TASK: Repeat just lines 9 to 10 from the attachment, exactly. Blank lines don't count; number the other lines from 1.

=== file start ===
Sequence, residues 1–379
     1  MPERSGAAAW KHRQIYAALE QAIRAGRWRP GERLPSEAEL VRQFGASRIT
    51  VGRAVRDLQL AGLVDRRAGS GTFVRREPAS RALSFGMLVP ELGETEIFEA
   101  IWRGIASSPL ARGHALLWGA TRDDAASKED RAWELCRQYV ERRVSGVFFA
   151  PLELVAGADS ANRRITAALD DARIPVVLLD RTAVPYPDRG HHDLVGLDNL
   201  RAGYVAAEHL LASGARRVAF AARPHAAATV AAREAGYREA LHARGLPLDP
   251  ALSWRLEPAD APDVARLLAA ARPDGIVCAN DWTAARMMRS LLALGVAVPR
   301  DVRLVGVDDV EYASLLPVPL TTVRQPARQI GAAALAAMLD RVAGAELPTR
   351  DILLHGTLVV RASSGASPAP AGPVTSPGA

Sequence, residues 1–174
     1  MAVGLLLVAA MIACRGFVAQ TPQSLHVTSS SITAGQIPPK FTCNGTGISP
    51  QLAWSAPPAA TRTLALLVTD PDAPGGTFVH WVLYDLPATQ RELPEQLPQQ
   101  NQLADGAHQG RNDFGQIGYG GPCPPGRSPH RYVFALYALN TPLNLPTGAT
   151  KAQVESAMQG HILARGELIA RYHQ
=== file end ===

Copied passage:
   351  DILLHGTLVV RASSGASPAP AGPVTSPGA

Sequence, residues 1–174